non cognitio solum rerum, sed etiam recordatio: Cicero has a certain fondness for abstract nouns, not least in his philosophical writings, but also in his speeches. cognitio denotes ‘the act of getting to know’, i.e. refers to those matters that Cicero’s audience is as of yet unfamiliar with and learns through his discourse; recordatio means ‘recollection’ and thus refers to matters already known to his audience — he only needs to trigger their memory. The genitive rerumstands apo koinou, i.e. goes with both nouns.

etsi incidamus, opinor, media ne nimis sero ad extrema veniamus: when etsi, as here, introduces a main clause it has the sense of ‘and yet’, limiting the preceding sentence (Gildersleeve & Lodge 391). But this causes difficulties: the preceding sentence refers to material Cicero intends to cover in depth, i.e. Antony’s behaviour in the run-up to, and during, the civil war and, more recently, in the aftermath of Caesar’s assassination. One would therefore have expected an affirmative, rather than a concessive link-up.

incidamus … media: without indication of vowel length, many of the forms of incîdo (from in + caedo, with a long -i; basic meaning: to cut), and incido (from in + cado, with a short -i; basic meaning: to fall) are indistinguishable. Here Cicero is saying: ‘Let’s cut the middle part (media: neuter acc. plural) short’, referring to the period from c. 58–50 BCE, to be covered briefly in §§ 48–50a.

ne nimis sero ad extrema veniamusne introduces a negative purpose clause (‘lest’). Like mediaextrem is an adjective used as a noun, in the neuter accusative plural — ‘the last, i.e. most recent, matters’ in line with his preference for vague generic neuter pronouns throughout this (transitional) paragraph: quaedameahaec enim quae…; ea quae…; quae… notiora.

stuprum stuprī n.: illicit sex, ebauchery, sexual violation

flāgitium flāgiti(ī) n.: shame, disgrace; scandal, shameful act, outrage, disgraceful thing; scoundrel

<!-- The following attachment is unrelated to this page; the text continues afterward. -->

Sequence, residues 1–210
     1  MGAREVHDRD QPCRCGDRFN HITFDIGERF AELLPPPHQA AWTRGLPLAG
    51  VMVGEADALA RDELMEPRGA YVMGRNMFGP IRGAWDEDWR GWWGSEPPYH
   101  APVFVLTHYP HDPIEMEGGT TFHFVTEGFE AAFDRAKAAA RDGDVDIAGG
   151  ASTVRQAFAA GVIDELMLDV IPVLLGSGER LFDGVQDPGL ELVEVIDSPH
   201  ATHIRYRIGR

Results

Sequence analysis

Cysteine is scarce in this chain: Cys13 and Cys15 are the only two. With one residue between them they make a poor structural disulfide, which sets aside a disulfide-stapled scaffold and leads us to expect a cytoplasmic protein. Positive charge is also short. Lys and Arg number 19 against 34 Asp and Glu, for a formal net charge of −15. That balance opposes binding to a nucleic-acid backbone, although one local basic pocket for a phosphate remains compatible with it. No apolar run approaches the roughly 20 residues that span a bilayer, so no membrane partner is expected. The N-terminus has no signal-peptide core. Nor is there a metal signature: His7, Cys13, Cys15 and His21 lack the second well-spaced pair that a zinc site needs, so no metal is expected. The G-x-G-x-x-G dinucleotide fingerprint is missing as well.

omittō omittere omīsī omissus: to lay aside; omit; let go; disregard

admittō admittere admīsī admīssus: to urge on, put to a gallop; let in, admit, receive; grant, permit, let go

verēcundus –a –um: bashful, modest, shy

perstringō –ere –strīnxī –strīctus: to bind tightly; graze; affect (the senses) disagreeably, grate on

cīvīlis cīvīle: of/affecting fellow citizens; civil; legal; public; political; unassuming

miseria miseriae f.: wretchedness, misery

cotīdiē or cottīdiē or quotidiē: daily, every day; day by day; usually, ordinarily, commonly

festīnō festīnāre festīnāvī festīnātus: to hurry, rush

attentus –a –um: attentive, intent, engaged

excitō excitāre excitāvī excitātus: to wake up, stir up; cause; raise, erect; incite; excite, arouse

cognitiō –ōnis f.: a becoming acquainted with, acquiring knowledge, knowledge, acquaintance; inquiry; the act of getting acquainted

recordātiō –ōnis f.: a recalling to mind, recollection, remembrance

etsī: although

incīdō –ere –cīdī –cīsus: to cut into; cut upon; cut (> in and caedo)

opīnor opīnārī opīnātus sum: to suppose, imagine; have a (favorable or unfavorable) opinion about

sērō: late, at a late hour, tardily; of a late period

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Suggested Citation

Ingo Gildenhard, Cicero: Philippic 2.44–50, 78–92, 100–119. Carlisle, Pennsylvania: Dickinson College Commentaries, 2020. ISBN: 978-1-947822-12-2.